12 June, 2021
Reconciliation the feature in Cooktown
The Guugu Yimithirr people have welcomed visitors to Waymburr, now known as Cooktown, during the opening of Cooktown & Cape York Expo 2021 – The Rising Tide, yesterday.
Federal Member for Leichhardt, Hon Warren Entsch MP, and State Minister for Aboriginal and Torres Strait Islander Partnerships, Hon Craig Crawford MP, joined the opening ceremony hosted by the Waymburr Warra Traditional Owners Erica Deeral, Fred Deeral, Betty Woibo and Rebecca Powell.
Cook Shire Mayor Peter Scott said the Rising Tide theme of Cooktown & Cape York Expo 2021 celebrates reconciliation across 10 days and nights of free entertainment, business and cultural events.
“Cooktown’s Reconciliation Rocks precinct where Australia’s first recorded act of reconciliation took place in 1770 between James Cook and a Waymburr Warra Elder was officially opened today (June 11) with a Firestick Parade and Smoking Ceremony,” he said.
“The celebrations continue into the night with live entertainment including Mau Power, Dalkin Band and Nightshift and the Reconciliation Rocks Concert is tomorrow night (12 June) featuring headline acts Busby Marou and Troy Cassar-Daley.
“Over the weekend visitors will experience local Aboriginal and Torres Strait Islander art at the Nguumbar Nhaama Exhibition, watch the Endeavour River creation story being performed in Warrma and will enjoy the unique dances of performers from throughout Cape York Peninsula.
“Diverse entertainment continues during the week with live theatre, comedy, country music, a lecture on Joseph Banks, and the Cooktown Cantata, a specially commissioned musical piece featuring leading Australian baritone Jeffrey Black and Guugu Yimithirr singer Derek Rosendale.
“The Cape York Dynamic Business Symposium on 14-16 June has high-calibre speakers from The Cairns Institute discussing business resilience in the wake of the pandemic.
“The Discovery Festival on 18-20 June is the finale with Captain Cook’s Landing Re-enactment, the Endeavour Ball, the Cooktown Long Lunch and a re-enactment of a gold delivery to the bank.
Minister for Aboriginal and Torres Strait Islander Partnerships Craig Crawford said the event was an opportunity to advance reconciliation in Queensland’s Year of Indigenous Tourism.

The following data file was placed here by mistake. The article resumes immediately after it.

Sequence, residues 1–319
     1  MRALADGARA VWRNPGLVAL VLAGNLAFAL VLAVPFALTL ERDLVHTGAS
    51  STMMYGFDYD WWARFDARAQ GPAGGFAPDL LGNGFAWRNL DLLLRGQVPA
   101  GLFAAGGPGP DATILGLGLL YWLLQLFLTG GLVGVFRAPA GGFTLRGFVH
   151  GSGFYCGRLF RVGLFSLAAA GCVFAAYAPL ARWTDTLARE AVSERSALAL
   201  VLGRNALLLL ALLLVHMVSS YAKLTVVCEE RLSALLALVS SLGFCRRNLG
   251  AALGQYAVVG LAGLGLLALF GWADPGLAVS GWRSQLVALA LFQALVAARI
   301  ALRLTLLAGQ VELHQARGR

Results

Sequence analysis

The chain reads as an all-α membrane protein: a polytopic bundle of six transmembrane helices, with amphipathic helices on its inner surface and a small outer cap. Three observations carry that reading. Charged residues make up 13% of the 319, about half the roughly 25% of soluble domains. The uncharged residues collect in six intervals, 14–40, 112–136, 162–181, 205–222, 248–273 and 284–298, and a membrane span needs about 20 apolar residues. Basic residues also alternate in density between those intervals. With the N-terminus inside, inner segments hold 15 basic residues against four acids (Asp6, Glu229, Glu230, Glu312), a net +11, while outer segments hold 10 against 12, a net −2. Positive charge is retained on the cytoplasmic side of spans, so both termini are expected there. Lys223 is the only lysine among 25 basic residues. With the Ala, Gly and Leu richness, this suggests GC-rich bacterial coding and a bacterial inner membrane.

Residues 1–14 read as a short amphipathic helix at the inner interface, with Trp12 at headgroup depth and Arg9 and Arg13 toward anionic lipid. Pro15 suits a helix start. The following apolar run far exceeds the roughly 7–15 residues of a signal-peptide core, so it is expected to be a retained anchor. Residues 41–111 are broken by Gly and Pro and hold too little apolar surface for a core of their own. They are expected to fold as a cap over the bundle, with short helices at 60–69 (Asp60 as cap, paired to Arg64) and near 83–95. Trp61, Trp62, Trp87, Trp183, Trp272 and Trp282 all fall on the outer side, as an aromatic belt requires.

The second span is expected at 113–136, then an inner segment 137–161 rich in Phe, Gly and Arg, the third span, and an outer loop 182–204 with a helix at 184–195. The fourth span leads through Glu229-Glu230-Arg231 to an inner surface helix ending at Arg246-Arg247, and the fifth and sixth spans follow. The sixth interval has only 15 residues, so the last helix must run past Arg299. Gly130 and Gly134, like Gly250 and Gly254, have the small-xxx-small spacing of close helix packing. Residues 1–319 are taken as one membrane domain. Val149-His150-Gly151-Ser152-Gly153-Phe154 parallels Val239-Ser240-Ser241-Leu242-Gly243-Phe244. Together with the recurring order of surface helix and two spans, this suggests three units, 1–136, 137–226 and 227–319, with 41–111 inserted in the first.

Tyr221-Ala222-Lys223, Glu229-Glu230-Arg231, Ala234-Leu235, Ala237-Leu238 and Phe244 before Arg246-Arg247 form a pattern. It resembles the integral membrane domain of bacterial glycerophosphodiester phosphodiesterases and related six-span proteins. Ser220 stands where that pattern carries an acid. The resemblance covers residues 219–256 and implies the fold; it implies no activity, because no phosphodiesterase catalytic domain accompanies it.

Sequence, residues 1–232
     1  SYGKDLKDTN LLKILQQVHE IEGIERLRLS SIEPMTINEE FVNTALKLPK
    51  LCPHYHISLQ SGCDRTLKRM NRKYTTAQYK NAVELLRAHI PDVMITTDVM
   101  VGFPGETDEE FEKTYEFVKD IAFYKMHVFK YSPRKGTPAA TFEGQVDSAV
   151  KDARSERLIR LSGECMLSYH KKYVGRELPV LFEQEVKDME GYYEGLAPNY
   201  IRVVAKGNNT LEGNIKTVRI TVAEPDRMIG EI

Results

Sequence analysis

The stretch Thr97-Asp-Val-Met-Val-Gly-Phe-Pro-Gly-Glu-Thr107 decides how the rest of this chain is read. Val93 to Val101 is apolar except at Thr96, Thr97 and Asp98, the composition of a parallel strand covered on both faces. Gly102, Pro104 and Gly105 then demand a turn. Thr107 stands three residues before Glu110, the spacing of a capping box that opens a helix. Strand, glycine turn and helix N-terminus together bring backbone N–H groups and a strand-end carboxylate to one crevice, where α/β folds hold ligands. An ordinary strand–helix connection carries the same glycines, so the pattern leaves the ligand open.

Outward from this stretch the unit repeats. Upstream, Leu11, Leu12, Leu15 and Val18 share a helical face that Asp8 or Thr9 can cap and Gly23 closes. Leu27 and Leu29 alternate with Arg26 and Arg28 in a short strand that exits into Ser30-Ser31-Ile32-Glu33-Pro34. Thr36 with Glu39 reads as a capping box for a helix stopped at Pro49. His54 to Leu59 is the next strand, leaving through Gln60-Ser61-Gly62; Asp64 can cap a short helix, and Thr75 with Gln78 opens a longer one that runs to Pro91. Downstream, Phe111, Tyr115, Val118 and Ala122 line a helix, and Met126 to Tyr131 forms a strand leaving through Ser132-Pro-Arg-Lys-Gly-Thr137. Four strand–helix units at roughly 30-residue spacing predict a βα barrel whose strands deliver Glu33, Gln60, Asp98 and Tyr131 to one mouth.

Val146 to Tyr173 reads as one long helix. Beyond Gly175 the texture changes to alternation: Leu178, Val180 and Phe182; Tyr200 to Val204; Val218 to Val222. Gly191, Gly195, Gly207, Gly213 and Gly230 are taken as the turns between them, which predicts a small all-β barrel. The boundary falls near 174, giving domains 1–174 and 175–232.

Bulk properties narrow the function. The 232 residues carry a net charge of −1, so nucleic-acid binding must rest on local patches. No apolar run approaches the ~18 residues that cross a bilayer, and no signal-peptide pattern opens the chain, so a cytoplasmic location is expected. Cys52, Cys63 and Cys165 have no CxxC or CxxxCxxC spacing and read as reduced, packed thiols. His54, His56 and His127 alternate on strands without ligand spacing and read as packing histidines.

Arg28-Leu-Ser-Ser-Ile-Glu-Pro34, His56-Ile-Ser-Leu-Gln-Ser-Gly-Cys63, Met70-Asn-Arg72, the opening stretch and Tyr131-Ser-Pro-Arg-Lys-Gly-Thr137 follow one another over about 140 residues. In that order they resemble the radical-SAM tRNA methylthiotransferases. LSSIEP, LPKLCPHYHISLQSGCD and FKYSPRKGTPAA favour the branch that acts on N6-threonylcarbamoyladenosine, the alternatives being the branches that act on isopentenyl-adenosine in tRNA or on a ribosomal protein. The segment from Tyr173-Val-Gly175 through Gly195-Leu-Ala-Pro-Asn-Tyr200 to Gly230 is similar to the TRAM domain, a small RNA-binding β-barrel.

“The Queensland Government is proud to support the Cooktown and Cape York Expo 2021 – a respectful celebration of our shared history, and a unique regional event, supporting the State’s economic recovery from COVID-19,” Minister Crawford said.
“Through music, art, cultural displays, and interactive activities, the expo invites attendees to reflect on the past, create a better understanding of the present and contribute towards a brighter, shared future between Aboriginal, Torres Strait Islander and non-Indigenous Queenslanders.
“I thank those who have travelled from across Queensland and interstate to attend the expo, immerse themselves in the culture and traditions of the region’s Traditional Owners, and support local hospitality and accommodation providers.
“Over the last five years, Indigenous tourism has increased by 6.4 per cent - demonstrating strong demand and support for authentic First Nations experiences.
“As we reframe our relationship with Aboriginal and Torres Strait Islander peoples on Queensland’s Path to Treaty, we are reaffirming our state’s position as a leading destination for cultural tourism and experiences with opportunities for First Nations-owned businesses, workforces and communities to thrive.”
Four Legacy Projects will be revealed as part of the celebrations after Cook Shire Council received $5,455,000 in Commonwealth Community Development Grants. The $1.2 million Reconciliation Rocks Precinct Development, the site of Australia’s first recorded act of reconciliation and the $575,000 Waalmbal Birri Cultural Centre have opened. Work has started on a $1.98 million redevelopment of the Botanic Gardens and the $1.7 million Gamaay Dreaming Track Development.